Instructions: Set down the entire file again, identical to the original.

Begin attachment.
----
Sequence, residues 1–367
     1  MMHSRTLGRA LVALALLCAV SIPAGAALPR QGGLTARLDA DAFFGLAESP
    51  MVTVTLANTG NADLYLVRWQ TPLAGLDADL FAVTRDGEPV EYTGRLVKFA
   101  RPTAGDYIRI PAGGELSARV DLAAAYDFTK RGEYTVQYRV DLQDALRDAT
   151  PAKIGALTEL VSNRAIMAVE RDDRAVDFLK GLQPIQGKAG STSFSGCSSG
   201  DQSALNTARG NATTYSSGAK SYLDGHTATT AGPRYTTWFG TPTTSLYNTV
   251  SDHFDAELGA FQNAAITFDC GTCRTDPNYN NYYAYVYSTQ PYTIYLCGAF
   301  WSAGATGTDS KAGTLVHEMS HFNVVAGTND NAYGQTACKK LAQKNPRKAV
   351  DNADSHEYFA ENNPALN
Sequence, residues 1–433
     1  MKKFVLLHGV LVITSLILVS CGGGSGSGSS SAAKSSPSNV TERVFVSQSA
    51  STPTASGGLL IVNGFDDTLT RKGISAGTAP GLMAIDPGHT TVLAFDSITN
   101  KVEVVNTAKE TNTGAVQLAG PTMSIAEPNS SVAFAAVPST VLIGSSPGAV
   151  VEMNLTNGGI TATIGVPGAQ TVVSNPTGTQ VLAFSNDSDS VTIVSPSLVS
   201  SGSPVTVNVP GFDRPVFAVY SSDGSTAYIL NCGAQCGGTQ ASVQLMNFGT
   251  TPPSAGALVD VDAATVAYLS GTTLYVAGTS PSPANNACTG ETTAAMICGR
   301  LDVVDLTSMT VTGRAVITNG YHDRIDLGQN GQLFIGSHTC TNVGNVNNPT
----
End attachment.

Sequence, residues 1–367
     1  MMHSRTLGRA LVALALLCAV SIPAGAALPR QGGLTARLDA DAFFGLAESP
    51  MVTVTLANTG NADLYLVRWQ TPLAGLDADL FAVTRDGEPV EYTGRLVKFA
   101  RPTAGDYIRI PAGGELSARV DLAAAYDFTK RGEYTVQYRV DLQDALRDAT
   151  PAKIGALTEL VSNRAIMAVE RDDRAVDFLK GLQPIQGKAG STSFSGCSSG
   201  DQSALNTARG NATTYSSGAK SYLDGHTATT AGPRYTTWFG TPTTSLYNTV
   251  SDHFDAELGA FQNAAITFDC GTCRTDPNYN NYYAYVYSTQ PYTIYLCGAF
   301  WSAGATGTDS KAGTLVHEMS HFNVVAGTND NAYGQTACKK LAQKNPRKAV
   351  DNADSHEYFA ENNPALN
Sequence, residues 1–433
     1  MKKFVLLHGV LVITSLILVS CGGGSGSGSS SAAKSSPSNV TERVFVSQSA
    51  STPTASGGLL IVNGFDDTLT RKGISAGTAP GLMAIDPGHT TVLAFDSITN
   101  KVEVVNTAKE TNTGAVQLAG PTMSIAEPNS SVAFAAVPST VLIGSSPGAV
   151  VEMNLTNGGI TATIGVPGAQ TVVSNPTGTQ VLAFSNDSDS VTIVSPSLVS
   201  SGSPVTVNVP GFDRPVFAVY SSDGSTAYIL NCGAQCGGTQ ASVQLMNFGT
   251  TPPSAGALVD VDAATVAYLS GTTLYVAGTS PSPANNACTG ETTAAMICGR
   301  LDVVDLTSMT VTGRAVITNG YHDRIDLGQN GQLFIGSHTC TNVGNVNNPT